Regal is the word that comes to my mind when I try to describe this bird, but really it's not half good enough. There was a reverence or a magnificence about his spirit which defies description. There was a definite essence there that really was a privilege to encounter.

After Leilani and I had left this beautiful bird in the hands of the veterinarian, I drove Leilani back to the Yee property. She said she and her family had talked previously of getting a sign made that says PEACOCK CROSSING, but they had decided not to – until now – because there used to be signs posted for the turtles, baby turtles, that had to cross the Highway at Maaelaea – and people stop the signs to keep as souvenirs.


I did a little research to find out more about peacocks. The first thing I learned is that only the males are called peacocks. The females are called peahens. The two genders together are called peafowl. I thought I wanted to know about peacockery, but it turns out there is no such word in the Merriam-Webster Dictionary. There is, however, in the unabridged version.

There are two main types of peafowl and both are in the genus, Pavo, of the pheasant family, Phasianidae. There is the Indian Peafowl and the Green Peafowl. The Indian Peafowl is a resident breeder of the Indian subcontinent and is the national bird of India. The Green Peafowl breeds from Java to Burma. It is in danger of becoming extinct due to quality of habitat and hunting. (See Wikipedia, peafowls)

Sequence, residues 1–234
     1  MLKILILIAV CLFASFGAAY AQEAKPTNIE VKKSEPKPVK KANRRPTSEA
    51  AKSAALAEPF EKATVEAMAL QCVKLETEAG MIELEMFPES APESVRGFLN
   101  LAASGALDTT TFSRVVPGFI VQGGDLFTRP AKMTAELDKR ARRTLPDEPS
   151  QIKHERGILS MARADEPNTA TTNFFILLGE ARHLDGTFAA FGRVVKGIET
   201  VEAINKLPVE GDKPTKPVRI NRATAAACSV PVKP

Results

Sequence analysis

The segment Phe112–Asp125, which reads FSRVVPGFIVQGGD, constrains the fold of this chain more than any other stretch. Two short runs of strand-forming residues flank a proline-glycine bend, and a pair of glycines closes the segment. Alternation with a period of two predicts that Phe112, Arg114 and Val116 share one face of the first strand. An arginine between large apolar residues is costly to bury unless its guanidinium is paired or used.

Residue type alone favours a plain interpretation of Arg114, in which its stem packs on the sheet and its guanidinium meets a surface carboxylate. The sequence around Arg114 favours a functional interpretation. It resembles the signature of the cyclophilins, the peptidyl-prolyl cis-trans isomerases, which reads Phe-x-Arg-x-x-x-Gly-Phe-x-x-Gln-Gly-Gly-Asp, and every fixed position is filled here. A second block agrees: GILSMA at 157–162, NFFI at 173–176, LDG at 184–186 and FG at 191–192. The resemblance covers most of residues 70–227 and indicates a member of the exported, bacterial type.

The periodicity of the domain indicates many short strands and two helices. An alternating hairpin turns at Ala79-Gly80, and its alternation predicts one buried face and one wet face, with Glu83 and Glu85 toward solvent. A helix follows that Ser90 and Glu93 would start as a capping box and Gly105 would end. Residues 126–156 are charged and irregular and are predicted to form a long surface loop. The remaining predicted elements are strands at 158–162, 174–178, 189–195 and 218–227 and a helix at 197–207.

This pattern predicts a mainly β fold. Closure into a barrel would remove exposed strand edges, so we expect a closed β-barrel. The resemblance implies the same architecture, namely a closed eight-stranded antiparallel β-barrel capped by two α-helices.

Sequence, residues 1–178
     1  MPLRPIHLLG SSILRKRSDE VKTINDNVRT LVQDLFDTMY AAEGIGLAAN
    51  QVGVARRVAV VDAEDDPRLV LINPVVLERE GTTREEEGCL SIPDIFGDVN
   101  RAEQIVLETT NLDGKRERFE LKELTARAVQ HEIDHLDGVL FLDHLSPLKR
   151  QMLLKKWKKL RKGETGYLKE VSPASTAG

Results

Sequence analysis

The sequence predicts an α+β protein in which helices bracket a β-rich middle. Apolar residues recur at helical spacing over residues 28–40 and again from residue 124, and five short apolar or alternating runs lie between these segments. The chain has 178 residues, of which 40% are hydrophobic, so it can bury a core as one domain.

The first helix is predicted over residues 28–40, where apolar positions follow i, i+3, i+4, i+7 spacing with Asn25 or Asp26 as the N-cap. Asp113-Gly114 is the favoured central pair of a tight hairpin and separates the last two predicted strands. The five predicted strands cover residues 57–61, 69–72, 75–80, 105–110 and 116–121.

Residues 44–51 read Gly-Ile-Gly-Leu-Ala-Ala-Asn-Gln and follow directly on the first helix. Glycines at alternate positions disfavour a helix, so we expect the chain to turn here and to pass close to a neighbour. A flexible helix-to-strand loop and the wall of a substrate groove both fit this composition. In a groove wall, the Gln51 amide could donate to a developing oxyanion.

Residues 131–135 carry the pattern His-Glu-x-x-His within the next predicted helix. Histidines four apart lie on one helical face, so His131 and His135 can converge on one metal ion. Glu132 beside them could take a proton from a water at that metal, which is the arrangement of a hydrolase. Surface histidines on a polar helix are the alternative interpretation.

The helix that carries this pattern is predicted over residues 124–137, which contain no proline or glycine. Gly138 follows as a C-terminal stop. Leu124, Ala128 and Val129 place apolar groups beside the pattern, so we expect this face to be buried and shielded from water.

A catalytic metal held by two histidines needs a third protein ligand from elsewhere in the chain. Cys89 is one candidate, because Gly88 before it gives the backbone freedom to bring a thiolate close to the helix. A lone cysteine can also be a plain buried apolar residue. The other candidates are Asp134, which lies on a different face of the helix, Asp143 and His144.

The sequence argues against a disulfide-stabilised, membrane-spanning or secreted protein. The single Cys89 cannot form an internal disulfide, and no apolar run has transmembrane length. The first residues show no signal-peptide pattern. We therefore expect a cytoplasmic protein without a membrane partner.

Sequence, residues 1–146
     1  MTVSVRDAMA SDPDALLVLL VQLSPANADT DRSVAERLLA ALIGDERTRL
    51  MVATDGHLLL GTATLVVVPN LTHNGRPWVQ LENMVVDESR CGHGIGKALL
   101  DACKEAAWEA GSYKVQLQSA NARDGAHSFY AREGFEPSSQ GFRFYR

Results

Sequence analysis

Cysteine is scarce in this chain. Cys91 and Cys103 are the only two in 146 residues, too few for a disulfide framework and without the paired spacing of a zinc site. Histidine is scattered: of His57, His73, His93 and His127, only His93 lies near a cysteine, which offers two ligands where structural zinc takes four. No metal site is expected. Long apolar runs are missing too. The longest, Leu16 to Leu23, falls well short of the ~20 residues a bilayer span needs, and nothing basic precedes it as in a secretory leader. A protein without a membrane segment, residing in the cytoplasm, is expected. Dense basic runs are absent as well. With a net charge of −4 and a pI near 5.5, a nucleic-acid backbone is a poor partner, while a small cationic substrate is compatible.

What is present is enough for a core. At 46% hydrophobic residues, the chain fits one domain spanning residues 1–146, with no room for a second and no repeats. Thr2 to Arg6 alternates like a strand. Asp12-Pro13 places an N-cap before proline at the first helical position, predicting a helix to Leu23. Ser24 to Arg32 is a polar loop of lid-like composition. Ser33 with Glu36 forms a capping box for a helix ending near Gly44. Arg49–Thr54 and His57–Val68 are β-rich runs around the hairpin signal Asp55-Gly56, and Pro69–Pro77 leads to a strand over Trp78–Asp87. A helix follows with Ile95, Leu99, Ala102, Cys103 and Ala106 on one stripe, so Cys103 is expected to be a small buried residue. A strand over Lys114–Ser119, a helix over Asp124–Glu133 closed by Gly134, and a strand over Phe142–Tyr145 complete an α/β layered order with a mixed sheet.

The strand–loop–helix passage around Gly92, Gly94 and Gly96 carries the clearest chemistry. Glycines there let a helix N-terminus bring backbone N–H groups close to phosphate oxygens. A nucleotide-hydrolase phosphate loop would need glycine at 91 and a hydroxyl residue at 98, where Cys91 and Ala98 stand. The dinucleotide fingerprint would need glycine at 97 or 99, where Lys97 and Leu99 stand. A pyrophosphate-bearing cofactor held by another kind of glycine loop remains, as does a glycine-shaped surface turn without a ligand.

The peafowl of Kihei Road are Indian Peafowl with their blue or blue-green iridescence. The female plumage is dull green, gray and brown. Although the male displays and fans his train of covers very impressively to attract a female, the female can also display her plumage. She does this when she needs to ward off female competition or when she needs to protect her young.

Peafowls eat insects and other anthropods, such as centipedes, and flower petals, plant parts, amphibians and reptiles. In other words, they live the abundant life here. Centipedes, for instance, can be 11 or 12 inches long and almost an inch wide here. Peafowl cry loudly like a cat in trouble. We hear them here at night in Kihei from almost a mile away.


A few days after this traffic accident between a vehicle and the peacock, a lady wrote a letter to the editor of The Maui News. She titled it An Obituary for a Peacock . She lamented that the driver of the hit and run vehicle had not stopped even though he or she was probably aware and possibly embarrassed. The writer of the letter said all who had seen the accident would have offered support to the driver if he or she had not sped up and left the scene. She said, "We would have sympathized. I hope he or she comes to terms with this sad event. So, attention, Kihei drivers. Careful, please.

I agree. Peacocks do deserve aloha, too. Long live the peafowl of the Hawaiian Islands. Long live the peafowl of the whole world. Peacockery forever!

Copyright (c) P. Williams. All rights reserved.

Source by Pamela K Williams